Reflecting on the nature of academic librarian and archivist work

Marni Harrington

As Western’s 43 librarians and archivists prepare for collective bargaining in the spring, it’s an ideal time to reflect on the nature and importance of librarian and archivist labour in our academic environment.

Academic libraries do not exist in isolation but function within the governance and administrative structures of higher education, and within the broader realities of public institutions in a time of neoliberalism. In libraries, there are many neoliberal practices that may threaten or be in opposition to the ethical guidelines and values of librarianship, and these practices are now an ongoing concern in information and academic environments1.

In 2018, the Association of College and Research Libraries (ACRL)2 identified several major trends in academic libraries, some of which are in direct conflict with our professional values and ethics. For example, the push for learning analytics and data collection are ubiquitous in many libraries, with mined data used to plan more services for students and predict their future needs. However, collecting student data contravenes our code of ethics about patron privacy and confidentiality3. How patron data is collected, who it is shared with, and how it is shared are all ethical concerns for librarians and archivists even if it is not a concern for our patrons.

Another major trend is the expansive reach of “big publishers and vendors” such as Elsevier, that extend beyond publishing to access, discovery, and dissemination of content. Monopolies such as these also risk the integrity of patron data. Specifically, there is a lack of transparency about the profits gained from searching, publication, and article download data from our students and faculty. A knowledge inequity is also created when researchers in developing countries and the global south cannot afford to access content available only through “big publishers”.

Working in academia, librarians and archivists continually identify and evaluate the ever-changing information needs of our university community. The Canadian Association of University Teachers (CAUT) states that “… academic librarians are full partners with faculty members in the scholarly and intellectual functions of universities and colleges.”4 University archives and libraries provide a service for faculty and students and the role of librarians and archivists is to develop, support, evaluate, plan for the future, and influence any library and archival services that are offered. Broadly, this means supporting the teaching, research and learning of faculty and students in a critical and educated manner. There are numerous librarian and archivist duties and responsibilities grounded in themes of organizing, managing and facilitating access to library resources and services. Our duties and responsibilities are also grounded in ethical guidelines and values that are fundamental to our practice.

All librarians and archivists hired at Western must have a Master’s degree from a program accredited by the American Library Association (ALA). In most cases, this is a degree in Library and Information Science, Archival Studies, or an equivalent information or archival Master’s degree. Many librarians and archivists have trained in diverse fields and may have other graduate degrees at the Master’s or PhD level. Through our professional programs, we gain substantial theoretical knowledge about the principles that form the foundation of professional work in libraries and archives. Professional values and ethical guidelines provide the framework for our labour, that in theory, influence the policies we create and the services we offer.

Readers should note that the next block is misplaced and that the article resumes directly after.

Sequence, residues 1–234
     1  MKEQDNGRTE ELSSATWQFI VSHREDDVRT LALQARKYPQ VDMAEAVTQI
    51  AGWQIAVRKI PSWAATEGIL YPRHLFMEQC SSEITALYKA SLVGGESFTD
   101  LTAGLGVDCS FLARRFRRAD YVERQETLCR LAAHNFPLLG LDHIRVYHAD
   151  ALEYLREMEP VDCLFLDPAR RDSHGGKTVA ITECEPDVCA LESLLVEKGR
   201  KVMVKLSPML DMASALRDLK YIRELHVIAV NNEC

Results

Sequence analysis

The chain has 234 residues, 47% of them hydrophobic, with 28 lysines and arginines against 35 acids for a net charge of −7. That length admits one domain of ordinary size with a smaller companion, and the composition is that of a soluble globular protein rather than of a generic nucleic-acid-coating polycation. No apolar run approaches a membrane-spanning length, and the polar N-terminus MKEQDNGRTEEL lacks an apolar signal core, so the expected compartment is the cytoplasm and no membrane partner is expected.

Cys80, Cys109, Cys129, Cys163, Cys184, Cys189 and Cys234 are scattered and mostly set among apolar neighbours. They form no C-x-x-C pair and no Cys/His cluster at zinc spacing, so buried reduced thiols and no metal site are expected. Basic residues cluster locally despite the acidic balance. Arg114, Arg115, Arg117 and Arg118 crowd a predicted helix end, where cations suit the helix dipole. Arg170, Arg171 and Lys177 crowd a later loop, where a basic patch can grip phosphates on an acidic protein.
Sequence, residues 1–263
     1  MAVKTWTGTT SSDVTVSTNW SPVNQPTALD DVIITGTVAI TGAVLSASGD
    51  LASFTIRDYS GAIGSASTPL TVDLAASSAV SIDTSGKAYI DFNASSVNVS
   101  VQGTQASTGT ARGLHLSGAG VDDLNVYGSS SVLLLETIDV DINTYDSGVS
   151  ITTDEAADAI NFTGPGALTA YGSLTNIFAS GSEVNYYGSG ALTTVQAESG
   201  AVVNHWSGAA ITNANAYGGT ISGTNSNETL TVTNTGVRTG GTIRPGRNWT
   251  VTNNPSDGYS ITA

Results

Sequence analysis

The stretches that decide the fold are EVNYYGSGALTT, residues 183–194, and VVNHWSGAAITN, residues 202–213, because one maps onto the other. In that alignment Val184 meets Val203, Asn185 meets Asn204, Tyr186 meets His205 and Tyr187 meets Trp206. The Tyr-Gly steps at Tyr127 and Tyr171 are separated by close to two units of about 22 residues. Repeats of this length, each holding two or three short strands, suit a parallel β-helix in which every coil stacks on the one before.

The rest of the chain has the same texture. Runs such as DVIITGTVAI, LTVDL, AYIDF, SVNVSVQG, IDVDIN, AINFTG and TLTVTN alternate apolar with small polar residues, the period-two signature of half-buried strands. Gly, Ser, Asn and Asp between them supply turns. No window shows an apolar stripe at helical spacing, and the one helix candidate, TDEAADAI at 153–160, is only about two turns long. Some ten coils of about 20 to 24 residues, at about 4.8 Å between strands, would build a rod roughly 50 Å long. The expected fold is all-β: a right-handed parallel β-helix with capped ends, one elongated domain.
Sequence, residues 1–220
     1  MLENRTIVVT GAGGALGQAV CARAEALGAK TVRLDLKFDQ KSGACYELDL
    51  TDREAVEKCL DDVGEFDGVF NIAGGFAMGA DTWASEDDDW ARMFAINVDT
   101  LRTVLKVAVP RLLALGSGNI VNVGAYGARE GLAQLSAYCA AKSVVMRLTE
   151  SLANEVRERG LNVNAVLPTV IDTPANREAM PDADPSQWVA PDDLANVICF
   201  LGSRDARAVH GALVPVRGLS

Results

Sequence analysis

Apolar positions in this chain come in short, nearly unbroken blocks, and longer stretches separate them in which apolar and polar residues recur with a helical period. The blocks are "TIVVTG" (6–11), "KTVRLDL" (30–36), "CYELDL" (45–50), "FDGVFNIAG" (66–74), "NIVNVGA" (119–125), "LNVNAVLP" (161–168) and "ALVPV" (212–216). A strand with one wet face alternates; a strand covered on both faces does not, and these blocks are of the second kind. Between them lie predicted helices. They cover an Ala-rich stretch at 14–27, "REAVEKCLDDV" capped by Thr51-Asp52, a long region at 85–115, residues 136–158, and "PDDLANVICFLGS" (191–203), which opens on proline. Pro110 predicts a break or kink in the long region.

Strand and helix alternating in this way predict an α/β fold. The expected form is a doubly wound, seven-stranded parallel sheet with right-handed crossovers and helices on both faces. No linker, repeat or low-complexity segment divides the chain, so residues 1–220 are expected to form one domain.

Working in the faculty-supported library in the Faculty of Information and Media Studies (FIMS) where our Master of Library and Information Science students learn theoretical and practical aspects of library and information work, I can see that there is often a disconnect between idyllic models of practice and what we enact in our day-to-day work. It can be extremely difficult to uphold fundamental principles at the expense of efficiencies, accountabilities, and ongoing austerity measures of doing more with less. Our collective agreement grants us academic freedom so that we can influence policies and practices in our libraries and archives without fear of administrative retaliation5. It gives us control and autonomy over how our work is carried out, so that we can continue to make critical and educated judgements about our day-to-day labour and recognize and rebuff the impact of neoliberal practices.

Marni Harrington is an associate librarian in the Faculty of Information and Media Studies

References

1Nicholson, Karen P. “The McDonaldization of Academic Libraries and the Values of Transformational Change.” College & Research Libraries, 76.3 (2015): 328-338.

2Research Planning and Review Committee, ACRL. “2018 top trends in academic libraries: A review of the trends and issues affecting academic libraries in higher education.” College & Research Libraries News, 79.6 (2018): 286.

3NPEREZ. “Privacy and Confidentiality: Library Core Values.” Advocacy, Legislation & Issues, 25 Apr. 2014, http://www.ala.org/advocacy/privacy/toolkit/crevalues.

4CAUT (2009), Issues & Campaigns: Librarians & Libraries.

5CAUT Bargaining Advisory (2018). Bargaining Parity for Librarians & Archivists.